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The 11 Commandments of Proper TPMS Service

Cut comebacks and boost profits by following the 11 Commandments of proper TPMS service.


1. Every time a stem-mounted TPMS sensor is removed from a wheel, it must be serviced, no ifs, ands or buts. This goes for sensors that are six months old or six years old. And do not reuse seals or valve caps.

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2. Always use a new kit. The typical kit includes a nut, valve core, grommets and valve cap. Each component has a specific function and lifespan that is not only determined by time, but what happens when – and after – it is installed.
When you are using a tire changer, always be aware where the TPMS sensor is located and avoid all possible contact with shovels, bead breakers and tire irons.
3. Buy an assortment of TPMS sensor service kits. If your shop sells even a few tires a week, you should stock an assortment of service kits. Most TPMS toolmakers and tire service product suppliers have an assortment of common kits you will need to handle most vehicles. Not having the right parts to service sensors might result in a car stuck in a bay that could be used for other repairs.

4. Never reuse the nut. TPMS fastener nuts are designed in anodized aluminum to eliminate the contact of two dissimilar metals that would create galvanic corrosion and material deterioration. The nut has a bonded lubricant to help provide the proper torque required for seating a new grommet, in addition to the engineered advantages. If a nut is reused, the anodized surface may be scratched away and corrosion could occur between the sensor, wheel and the stem. It may even make the nut impossible to torque to the correct specifications or to remove due to corrosion on the threads.


5. Never reuse the seals/­grommets. Never. Two grommets seal the sensor and nut to the wheel. Grommets conform to the mating surface of the wheel. The instant the nut is torqued, the seal/grommet starts to take on the shape of the surfaces it is sealing against. This memory cannot be erased. If the seal is reused, it could cause a slow leak.

6. Always use a torque wrench. As stated in Commandments 4 and 5, the nut and seal/grommet are one-use items. The torque specifications are measured in inch-pounds and not foot-pounds for a reason. The nuts are made of aluminum and will strip. The hollow stems can take only so much abuse before they break. There are many solid TPMS sensor torque wrenches available on the market. Buy one and keep it in good calibration.


7. The leak cannot be eliminated by tightening the nut more. Sealing grommets are engineered to work at a specific torque. Any torque above the specified value will cause the seal to leak. Also, extra force may damage the nut or valve stem, or fracture the sensor body.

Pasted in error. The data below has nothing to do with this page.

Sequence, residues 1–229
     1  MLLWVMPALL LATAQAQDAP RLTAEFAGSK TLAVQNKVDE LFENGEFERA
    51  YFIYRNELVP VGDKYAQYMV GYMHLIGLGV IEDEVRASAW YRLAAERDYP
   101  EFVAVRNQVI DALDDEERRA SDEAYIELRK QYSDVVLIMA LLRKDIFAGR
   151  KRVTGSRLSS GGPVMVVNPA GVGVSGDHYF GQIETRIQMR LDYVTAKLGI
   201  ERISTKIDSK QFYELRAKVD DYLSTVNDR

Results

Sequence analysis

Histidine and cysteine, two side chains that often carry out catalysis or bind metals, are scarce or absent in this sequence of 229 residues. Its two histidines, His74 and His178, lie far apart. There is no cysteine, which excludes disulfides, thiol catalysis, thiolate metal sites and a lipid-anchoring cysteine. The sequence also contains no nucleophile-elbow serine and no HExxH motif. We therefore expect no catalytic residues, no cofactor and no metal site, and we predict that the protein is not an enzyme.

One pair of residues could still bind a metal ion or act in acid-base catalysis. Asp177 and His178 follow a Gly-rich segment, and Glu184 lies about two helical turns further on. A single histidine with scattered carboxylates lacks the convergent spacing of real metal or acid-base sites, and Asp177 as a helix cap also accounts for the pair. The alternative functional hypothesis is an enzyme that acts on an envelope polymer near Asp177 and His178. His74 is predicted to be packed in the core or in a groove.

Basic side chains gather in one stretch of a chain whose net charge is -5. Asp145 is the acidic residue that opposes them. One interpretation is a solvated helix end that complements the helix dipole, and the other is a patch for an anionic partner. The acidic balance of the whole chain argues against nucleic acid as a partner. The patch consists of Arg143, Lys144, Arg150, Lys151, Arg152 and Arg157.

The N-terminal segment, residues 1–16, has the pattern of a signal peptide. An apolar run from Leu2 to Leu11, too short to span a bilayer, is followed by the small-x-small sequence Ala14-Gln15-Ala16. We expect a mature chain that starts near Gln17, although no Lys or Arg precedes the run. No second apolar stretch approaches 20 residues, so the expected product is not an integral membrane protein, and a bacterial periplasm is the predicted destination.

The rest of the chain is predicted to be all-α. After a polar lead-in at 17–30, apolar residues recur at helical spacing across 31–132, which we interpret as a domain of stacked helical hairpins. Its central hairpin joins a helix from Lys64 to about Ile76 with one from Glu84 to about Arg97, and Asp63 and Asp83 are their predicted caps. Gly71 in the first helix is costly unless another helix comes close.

8. Never reuse the valve stem or core. Replacing the valve stem core on TPMS sensors prevents leaks. With stems, the elastomeric rubber and plastics degrade over time due to heat. The valve stem is subjected to heat from both the brakes and the road. Also, a torque-calibrated driver should be used to tighten the valve core.

9. Always use the valve core that is in the kit.
A TPMS valve core is nickel-plated and prevents galvanic corrosion to ensure the integrity of the primary seal. To prevent galvanic corrosion, never use a brass valve core with an aluminum TPMS sensor. Instead, always use a nickel-plated valve core. It is usually the only one – and the correct one – in the kit. If the wrong valve core is used, accelerated galvanic corrosion could result in the core becoming “frozen” and seized, stuck in the stem, unable to be removed. Also, TPMS valve cores have special Teflon coatings that help seat and seal the stem.


10. Set the correct tire pressure. Oddly, this often is overlooked. Seasonal temperature changes can dramatically alter tire pressure, which can cause the tire pressure warning lamp to illuminate. “Cold” tire pressure is generally considered to be the pressure in a tire that has not been driven in the past three hours and has been parked outdoors. Remember that tire pressure drops about 1 psi for every 10F drop in ambient temperature. Additionally, tires lose as much as 1.5 psi per month as air naturally permeates the tire and wheel.

11. Take extra care when mounting and dismounting tires. When you are using a tire changer, always be aware where the TPMS sensor is located and avoid all possible contact with shovels, bead breakers and tire irons. With some vehicles, the sensor is not located at the valve stem area, so make sure you double check each make and model. 

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